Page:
Opinion: Tuvunia’s love for the ocean

Fishermen of Kavewa on a typical fishing day using nets to catch yawa or milkfish.Picture: SUPPLIED

Give Iliapi Tuvunia a pen and paper and he’d probably write a book about his experiences as a skilled fisherman and seaman. The 43-year-old father of four has known fishing all his life. He hails from the island of Kavewa, in Dogotoki, Macuata, and no, he is not a traditional fisher or Gonedau.

Iliapi’s dad is the chief in the village and since he lives on an island known for its abundance of fish – fishing is a way of life. “We weren’t taught how to fi sh. This is something that comes naturally for us as we just watch and follow what our parents do.

For us it was not formal training and most of the things I learn was through watching my father,” he said. “Going back to the village and straight to fishing was my choice and that has been my source of living for the last 20 plus years, except for a 5-year stint working for a micro-finance project,” said Iliapi.

 

Kavewa is all of us

 Life for fishermen on his island is difficult now as they have to go farther from their usual fishing areas and added to that the unpredictable weather that they face each day. They

have also seen a decline in the top fish species that they used to catch from the reef which has made them resort to selling them in bundles.

“I remember when we used to sell fish in those days. They were only sold in kilos and graded as A and B and we would fetch more money from that. These were mostly reef fishes like kawakawa, donu, sevaseva and others.

“When sold in kilos, parrot fish would only fetch us $4 to $5 a kilo otherwise if we string them up with other fi sh in 8 to 9 fi sh in a bundle, we could get $15 to $20 a bundle from middlemen in Labasa.

“Before, you could just go out in a night and your catch would be enough to buy what you need for the week. Nowadays, I am only able to sell about 10 bundles a week, but in good weather it could go up to 20 bundles and money from that we buy rice, flour and other small necessities.”

After much discussions to revive their reefs, the district of Dogotuki agreed to ban night spearfishing and the leaving of nets overnight.

The villagers of Kavewa also set up a tabu in front of the little island that is facing them.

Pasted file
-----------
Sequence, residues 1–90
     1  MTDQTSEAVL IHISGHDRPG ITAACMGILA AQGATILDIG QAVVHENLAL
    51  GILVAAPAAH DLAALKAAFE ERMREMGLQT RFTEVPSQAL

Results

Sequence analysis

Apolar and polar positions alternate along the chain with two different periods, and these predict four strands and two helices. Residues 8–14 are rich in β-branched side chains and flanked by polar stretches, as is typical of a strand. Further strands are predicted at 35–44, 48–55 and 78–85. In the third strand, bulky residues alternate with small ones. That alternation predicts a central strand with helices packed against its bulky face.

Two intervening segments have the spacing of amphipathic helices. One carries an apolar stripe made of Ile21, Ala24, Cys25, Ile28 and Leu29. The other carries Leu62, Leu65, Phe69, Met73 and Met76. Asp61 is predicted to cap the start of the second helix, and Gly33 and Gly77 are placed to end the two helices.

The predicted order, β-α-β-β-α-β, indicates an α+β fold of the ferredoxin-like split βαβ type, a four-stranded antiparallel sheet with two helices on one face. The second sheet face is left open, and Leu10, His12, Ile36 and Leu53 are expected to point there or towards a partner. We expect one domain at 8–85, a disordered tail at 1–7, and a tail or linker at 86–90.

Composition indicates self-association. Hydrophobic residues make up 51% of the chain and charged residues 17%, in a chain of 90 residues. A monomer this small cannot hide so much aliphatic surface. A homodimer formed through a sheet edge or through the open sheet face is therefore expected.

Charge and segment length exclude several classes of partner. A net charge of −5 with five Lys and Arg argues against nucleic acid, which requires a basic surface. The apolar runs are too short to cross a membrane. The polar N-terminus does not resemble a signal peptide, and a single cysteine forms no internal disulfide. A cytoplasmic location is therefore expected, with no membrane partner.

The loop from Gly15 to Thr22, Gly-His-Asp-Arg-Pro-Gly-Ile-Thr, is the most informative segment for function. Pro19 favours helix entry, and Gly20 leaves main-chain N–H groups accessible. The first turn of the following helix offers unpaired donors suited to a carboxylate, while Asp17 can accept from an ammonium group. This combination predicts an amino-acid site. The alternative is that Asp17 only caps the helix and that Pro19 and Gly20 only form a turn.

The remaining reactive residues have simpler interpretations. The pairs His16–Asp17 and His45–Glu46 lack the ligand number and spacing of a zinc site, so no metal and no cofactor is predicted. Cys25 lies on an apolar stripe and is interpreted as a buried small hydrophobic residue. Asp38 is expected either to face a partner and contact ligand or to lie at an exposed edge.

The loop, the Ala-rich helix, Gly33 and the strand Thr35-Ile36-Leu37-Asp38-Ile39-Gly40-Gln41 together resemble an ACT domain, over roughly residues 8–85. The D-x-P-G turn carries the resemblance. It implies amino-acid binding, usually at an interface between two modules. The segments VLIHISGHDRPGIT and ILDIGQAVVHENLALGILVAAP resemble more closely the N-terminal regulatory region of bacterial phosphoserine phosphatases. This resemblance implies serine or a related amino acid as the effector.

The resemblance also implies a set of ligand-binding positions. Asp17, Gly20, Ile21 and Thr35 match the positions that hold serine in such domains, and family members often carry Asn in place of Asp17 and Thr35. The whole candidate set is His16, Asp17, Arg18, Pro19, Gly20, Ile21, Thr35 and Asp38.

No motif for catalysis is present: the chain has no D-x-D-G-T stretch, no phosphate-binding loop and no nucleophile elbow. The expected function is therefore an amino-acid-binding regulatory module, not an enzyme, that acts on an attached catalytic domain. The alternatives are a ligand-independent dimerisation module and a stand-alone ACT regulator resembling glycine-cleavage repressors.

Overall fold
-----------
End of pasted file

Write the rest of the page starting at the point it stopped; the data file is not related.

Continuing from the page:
“But while we in the Dogotuki district have banned night spearfishing and also leaving nets overnight, fishermen from Labasa and those from other islands are coming in at night or on Sundays to spearfish in our fishing grounds. That’s the downside of our efforts to revive our fishing grounds,” said Iliapi.

So, they needed to enforce the rules on outsiders.

“But to monitor our reefs, we need fuel and we cannot afford to do that all the time, so when we meet these poachers, we try to ask them to respect the ban on night fishing. We had discussed giving them fishing licences to assist us, but most were against it as this was our major source of income.

“We have set aside a tabu in our qoliqoli which is in front of Katawaqa Island to make it easier for us to monitor as our last tabu area was usually exploited by divers.”

 

National talanoa is the way forward  

These challenges are why Iliapi is now stepping up to be a 4FJ Fish Smart champion. The 4FJ Fish Smart campaign is working to empower all communities in Fiji with better fishing practices, that help revive Fiji’s fishing grounds.

In addition, the campaign is asking everyone in urban areas to avoid undersize fish, which is a national management measure to help ensure enough fish are breeding.

“The campaign is sharing the lessons from communities across Fiji, along with expert advice, to create a national talaonoa on reviving fish stocks,” said Mafa Qiolele, program manager at cChange, the organsation that is co-ordinating the multi-partner and multi-sector campaign Qiolele said Iliapi’s story illustrates that it will take leadership inside our communities but also support outside the communities so the sacrifices places such as Kavewa make is not lost if outsiders don’t respect their rules.

“In Fiji, we have a practice called solesolevaki, which is based on community members working together to help each other thrive,” Qiolele said.

“This campaign is trying to bring solesolevaki to the national level, to revive our fishing grounds for everyone by working together.” And the campaign’s power lies in the everyday champions like Iliapi, who knows his fishing grounds better than anyone, she added.

For his part, Iliapi is pleading with other fi shermen to obey community rules, and also for people not to buy or sell undersized fish to market.

And he hopes his knowledge of the sea will convince people of the importance of action. “Let us always think of our future and the outcome of our actions today will define our source of life and income tomorrow.”

 ALUMECI NAKEKE is a communications officer at cChange. The views expressed are the author’s and do not reflect the views of this newspaper

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